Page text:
St John of the Cross quotes Aquinas by name on this and, following Ps-Dionysius, calls it a hidden wisdom or a mystical wisdom because it eludes clear concepts.  It is the most sublime of all the gifts of the Holy Spirit.  In contemplation the gifts of understanding and wisdom are most at work.  Understanding helps us penetrate the mystery further, while wisdom helps us taste the mystery of God.  The gift of wisdom gives an experiential perception of God, through a mirror darkly. 

            So how does this play out in prayer?  Here’s perhaps the simplest way.  I don’t pretend to be informing you nuns about this, you know by experience.  I’m only trying to give descriptions you can identify with and latch on to.  In prayer, at times, it’s good to aim for a holy sentiment, long drawn out.  We need to do much meditation and study, but over time if it gives way to one or two holy sentiments from our meditation, we should draw this out.  We should yield to these holy sentiments and sit with this holy longing, or admiration, or adoration, or simple loving gaze.  A holy sentiment, long drawn out.  We ponder, but our affections and will are gently stirred, gently stirred, and we taste in love.  There can be sweetness, and so wisdom is sometimes a called a sweet knowledge or a savory knowledge.  Or maybe there will be no sweetness.  In fact, hopefully sensible sweetness gives way to something deeper.

            So in the exercise of the gift of wisdom it will often be a hidden wisdom.  Hence a darkness may prevail.  So the gift of the Holy Spirit called fortitude will also be much needed.  Fortitude is a cardinal virtue and also an infused cardinal virtue.  But there is also a gift of the Holy Spirit that builds on this and is also called fortitude.  Here with this dark contemplation, we can see why the additional gift of the Holy Spirit called fortitude is necessary.  The virtue of fortitude may often call for forcefulness.  But in prayer, forcefulness is hardly ever the way forward.  St Teresa says the contemplative will need great determination—not forcefulness but determination.  In prayer, there will be a facing of difficulties but it is also about finding the way that goes smoothly—the yoke that is easy, the burden that is light.  The gift of fortitude is needed in prayer to endure, to press on, but in the right way.  A delicate touch is needed.  The touch of the Holy Spirit is needed.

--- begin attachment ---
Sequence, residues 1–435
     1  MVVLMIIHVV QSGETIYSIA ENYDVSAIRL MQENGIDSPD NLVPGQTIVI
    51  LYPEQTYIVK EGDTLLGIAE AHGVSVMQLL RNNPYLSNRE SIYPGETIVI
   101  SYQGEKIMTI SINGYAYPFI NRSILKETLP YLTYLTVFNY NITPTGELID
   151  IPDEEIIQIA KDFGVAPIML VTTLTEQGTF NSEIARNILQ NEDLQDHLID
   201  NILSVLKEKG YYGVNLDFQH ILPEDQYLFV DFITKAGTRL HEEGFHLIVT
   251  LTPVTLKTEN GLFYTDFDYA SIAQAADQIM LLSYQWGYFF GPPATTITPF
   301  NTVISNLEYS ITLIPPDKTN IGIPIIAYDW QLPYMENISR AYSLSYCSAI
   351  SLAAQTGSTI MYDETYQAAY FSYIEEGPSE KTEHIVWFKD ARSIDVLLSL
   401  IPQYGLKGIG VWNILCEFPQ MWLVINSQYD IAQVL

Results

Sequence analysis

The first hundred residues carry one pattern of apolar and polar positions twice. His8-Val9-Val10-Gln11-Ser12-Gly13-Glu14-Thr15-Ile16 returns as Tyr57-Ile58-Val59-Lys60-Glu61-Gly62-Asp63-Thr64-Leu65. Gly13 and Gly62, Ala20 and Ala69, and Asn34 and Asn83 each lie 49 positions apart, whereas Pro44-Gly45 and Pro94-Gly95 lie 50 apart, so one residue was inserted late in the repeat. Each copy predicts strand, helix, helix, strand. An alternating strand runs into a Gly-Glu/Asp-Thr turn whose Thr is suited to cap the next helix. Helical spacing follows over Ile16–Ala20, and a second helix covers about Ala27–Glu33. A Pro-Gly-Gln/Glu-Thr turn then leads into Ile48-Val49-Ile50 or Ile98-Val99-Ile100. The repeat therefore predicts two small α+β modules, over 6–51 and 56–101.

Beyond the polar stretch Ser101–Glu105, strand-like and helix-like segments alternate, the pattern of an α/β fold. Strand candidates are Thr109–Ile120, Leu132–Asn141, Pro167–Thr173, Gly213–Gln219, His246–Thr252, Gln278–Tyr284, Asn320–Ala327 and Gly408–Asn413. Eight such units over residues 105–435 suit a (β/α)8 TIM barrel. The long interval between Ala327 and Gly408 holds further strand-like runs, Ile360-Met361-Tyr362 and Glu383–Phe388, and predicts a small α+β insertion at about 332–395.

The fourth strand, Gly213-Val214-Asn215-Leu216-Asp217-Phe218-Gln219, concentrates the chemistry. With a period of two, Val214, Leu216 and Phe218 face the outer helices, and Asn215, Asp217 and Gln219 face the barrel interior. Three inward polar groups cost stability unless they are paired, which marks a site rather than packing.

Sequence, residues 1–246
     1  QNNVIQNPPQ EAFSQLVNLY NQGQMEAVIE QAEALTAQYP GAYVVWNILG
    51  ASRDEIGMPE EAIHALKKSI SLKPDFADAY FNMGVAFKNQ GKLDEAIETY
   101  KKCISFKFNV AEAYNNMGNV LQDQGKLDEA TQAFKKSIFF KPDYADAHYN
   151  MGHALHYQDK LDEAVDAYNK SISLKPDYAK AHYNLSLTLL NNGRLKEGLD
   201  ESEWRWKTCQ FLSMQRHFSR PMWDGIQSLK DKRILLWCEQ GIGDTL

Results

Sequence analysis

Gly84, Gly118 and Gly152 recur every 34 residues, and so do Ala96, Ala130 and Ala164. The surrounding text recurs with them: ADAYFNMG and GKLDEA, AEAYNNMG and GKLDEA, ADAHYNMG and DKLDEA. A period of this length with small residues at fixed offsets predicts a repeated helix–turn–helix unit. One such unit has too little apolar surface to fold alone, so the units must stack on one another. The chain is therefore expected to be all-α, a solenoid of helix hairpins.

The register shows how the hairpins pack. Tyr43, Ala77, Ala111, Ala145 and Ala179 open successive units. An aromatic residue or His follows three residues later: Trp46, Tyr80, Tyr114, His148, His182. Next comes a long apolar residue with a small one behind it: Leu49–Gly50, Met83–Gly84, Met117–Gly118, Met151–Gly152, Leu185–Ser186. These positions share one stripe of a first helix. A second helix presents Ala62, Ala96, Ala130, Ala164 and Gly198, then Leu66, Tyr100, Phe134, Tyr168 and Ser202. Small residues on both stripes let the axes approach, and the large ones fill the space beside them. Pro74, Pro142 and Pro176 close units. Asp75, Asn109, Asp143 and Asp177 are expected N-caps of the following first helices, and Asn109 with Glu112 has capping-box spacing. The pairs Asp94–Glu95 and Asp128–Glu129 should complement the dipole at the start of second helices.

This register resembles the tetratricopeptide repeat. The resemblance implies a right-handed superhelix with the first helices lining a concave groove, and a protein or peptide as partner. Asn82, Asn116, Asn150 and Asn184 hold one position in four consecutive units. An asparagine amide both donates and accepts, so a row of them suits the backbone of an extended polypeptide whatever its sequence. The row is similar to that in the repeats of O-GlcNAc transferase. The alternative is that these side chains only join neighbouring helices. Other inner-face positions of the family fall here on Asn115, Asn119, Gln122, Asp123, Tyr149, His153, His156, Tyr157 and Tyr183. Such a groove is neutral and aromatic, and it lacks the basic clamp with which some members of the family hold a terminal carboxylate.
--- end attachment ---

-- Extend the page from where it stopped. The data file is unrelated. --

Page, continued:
In the end, with our prayer life, the gift of wisdom involves an experiential tasting and perception, yet it is a hidden wisdom calling for much endurance and the gift of fortitude.  Like Peter at the end of our Gospel, we too, in prayer, may be led by the Lord where we at first don’t wish to go.  We too may be stripped and bound, and led to where we at first don’t wish to go: the desert, the dark night, painful self-knowledge, boredom, distraction, littleness, the ordinary way.  Wherever the Lord leads us in prayer, His call to us is to yield to Him, or as he said to Peter, “Follow me.”